Of course, if you had an issue with me, you talked to me about it, and I still didn’t respond, that’s when you have to take the next step. Now, again, the next step is not to go back into the service bay and talk trash about me with your buddies about when I might replace those air filters. No, the next step is to get a couple of other folks – perhaps elders, board members, even the pastoral care committee – and get them to go to the person who has “sinned against you” with you. Again, you try to talk it out, and see if they’ll repent of their sin.
Jesus makes it very clear in this text that this whole process is vitally important. In Jesus’ time, the church was like a family, and maintaining the strength and ethical integrity of that family was vital for its survival. Our church today is still like a family, though perhaps somewhat more diverse than it was in the first century; nonetheless, the strength and ethical integrity of the church is no less important today than it was two thousand years ago. When confronting a problem like this, it is important for the person who has sinned to understand that they are still a beloved and accepted member of the family, and that the people speaking to them are only doing so out of a sense of love and care for the person who has sinned.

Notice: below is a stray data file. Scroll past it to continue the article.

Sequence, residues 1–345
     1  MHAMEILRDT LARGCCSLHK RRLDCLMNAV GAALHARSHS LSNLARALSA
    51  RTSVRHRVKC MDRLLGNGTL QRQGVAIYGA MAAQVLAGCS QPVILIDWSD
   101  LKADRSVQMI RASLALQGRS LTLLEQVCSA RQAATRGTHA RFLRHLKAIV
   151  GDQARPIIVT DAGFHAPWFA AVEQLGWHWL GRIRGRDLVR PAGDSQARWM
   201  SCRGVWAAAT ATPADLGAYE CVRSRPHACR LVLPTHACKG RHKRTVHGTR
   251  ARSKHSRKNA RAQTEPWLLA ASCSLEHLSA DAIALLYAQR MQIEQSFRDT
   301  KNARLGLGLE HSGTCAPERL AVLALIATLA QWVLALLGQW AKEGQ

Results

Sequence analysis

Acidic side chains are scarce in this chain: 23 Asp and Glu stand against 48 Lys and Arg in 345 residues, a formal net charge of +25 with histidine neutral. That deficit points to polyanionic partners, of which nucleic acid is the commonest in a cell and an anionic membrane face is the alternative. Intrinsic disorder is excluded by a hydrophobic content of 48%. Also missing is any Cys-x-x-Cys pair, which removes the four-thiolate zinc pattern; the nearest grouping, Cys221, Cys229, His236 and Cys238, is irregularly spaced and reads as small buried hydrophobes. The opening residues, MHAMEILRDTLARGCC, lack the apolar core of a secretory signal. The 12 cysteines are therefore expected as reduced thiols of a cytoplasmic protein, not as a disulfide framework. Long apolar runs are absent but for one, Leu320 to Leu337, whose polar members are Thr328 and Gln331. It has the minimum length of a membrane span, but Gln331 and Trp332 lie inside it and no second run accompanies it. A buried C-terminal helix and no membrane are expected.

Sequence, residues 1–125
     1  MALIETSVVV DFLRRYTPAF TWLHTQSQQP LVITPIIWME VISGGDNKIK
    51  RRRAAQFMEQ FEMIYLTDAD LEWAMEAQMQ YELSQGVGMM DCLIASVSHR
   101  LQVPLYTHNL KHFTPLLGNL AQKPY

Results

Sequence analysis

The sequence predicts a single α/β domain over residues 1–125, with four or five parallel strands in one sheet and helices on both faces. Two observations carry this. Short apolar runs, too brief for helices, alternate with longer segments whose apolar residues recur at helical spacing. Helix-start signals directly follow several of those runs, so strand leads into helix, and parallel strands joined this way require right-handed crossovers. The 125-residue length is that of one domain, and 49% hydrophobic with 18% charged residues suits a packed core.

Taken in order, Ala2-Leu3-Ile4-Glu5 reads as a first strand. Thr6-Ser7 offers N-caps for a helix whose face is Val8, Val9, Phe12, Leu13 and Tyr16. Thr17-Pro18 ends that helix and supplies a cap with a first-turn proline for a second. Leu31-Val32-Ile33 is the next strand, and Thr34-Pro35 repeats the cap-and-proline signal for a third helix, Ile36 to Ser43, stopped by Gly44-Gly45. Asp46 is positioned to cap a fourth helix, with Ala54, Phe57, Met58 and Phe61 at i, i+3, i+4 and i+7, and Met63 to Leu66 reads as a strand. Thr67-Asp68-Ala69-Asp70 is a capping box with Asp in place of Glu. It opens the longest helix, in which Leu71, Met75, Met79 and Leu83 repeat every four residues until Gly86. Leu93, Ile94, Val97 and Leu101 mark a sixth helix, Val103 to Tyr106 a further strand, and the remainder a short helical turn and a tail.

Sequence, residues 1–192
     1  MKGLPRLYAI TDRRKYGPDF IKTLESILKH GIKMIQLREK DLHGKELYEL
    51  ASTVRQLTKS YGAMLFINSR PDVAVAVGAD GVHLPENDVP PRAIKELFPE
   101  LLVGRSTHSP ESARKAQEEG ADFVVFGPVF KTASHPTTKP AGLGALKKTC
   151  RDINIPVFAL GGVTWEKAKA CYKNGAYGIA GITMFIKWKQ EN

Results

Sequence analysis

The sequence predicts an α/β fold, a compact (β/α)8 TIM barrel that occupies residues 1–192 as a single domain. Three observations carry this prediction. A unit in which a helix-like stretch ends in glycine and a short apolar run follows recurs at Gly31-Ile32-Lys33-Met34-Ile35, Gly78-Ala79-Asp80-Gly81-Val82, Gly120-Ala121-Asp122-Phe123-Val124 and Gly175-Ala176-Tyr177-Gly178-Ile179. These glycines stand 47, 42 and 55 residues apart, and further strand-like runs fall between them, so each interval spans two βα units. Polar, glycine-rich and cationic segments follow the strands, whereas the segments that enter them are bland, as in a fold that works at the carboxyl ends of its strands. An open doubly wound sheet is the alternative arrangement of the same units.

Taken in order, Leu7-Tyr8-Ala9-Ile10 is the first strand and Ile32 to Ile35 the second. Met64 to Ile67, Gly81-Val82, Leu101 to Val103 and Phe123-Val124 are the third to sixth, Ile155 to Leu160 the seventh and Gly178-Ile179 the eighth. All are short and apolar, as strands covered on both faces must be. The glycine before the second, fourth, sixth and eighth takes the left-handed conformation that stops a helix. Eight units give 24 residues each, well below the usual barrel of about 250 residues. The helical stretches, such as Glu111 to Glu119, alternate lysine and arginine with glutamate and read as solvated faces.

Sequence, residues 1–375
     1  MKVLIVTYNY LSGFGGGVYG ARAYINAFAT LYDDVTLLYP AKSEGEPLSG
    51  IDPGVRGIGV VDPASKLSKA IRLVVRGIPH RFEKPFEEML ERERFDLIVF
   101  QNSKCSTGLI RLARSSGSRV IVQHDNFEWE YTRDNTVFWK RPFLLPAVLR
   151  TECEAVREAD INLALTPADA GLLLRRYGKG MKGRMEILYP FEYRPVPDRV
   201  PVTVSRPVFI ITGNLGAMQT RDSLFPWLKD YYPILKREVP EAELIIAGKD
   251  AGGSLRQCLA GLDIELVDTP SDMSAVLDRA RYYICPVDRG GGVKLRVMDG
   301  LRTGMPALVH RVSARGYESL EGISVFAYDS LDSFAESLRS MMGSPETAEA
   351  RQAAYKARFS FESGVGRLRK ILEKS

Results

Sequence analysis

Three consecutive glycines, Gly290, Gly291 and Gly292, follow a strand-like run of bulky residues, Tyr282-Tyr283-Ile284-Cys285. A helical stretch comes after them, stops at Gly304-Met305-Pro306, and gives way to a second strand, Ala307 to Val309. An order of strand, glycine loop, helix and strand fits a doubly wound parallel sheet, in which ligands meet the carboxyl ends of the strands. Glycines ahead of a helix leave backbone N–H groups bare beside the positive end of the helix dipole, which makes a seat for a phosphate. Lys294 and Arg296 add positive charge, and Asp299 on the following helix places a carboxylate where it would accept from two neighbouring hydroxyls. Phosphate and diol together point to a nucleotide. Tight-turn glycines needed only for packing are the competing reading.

Of course, sometimes even after those steps, the person who has sinned against you will still be unrepentant. Whether out of a sense of pride or a belief that they haven’t actually done anything wrong, some people simply won’t back down from what you perceive to be the sin against you. And that’s when you must take them before the entire congregation.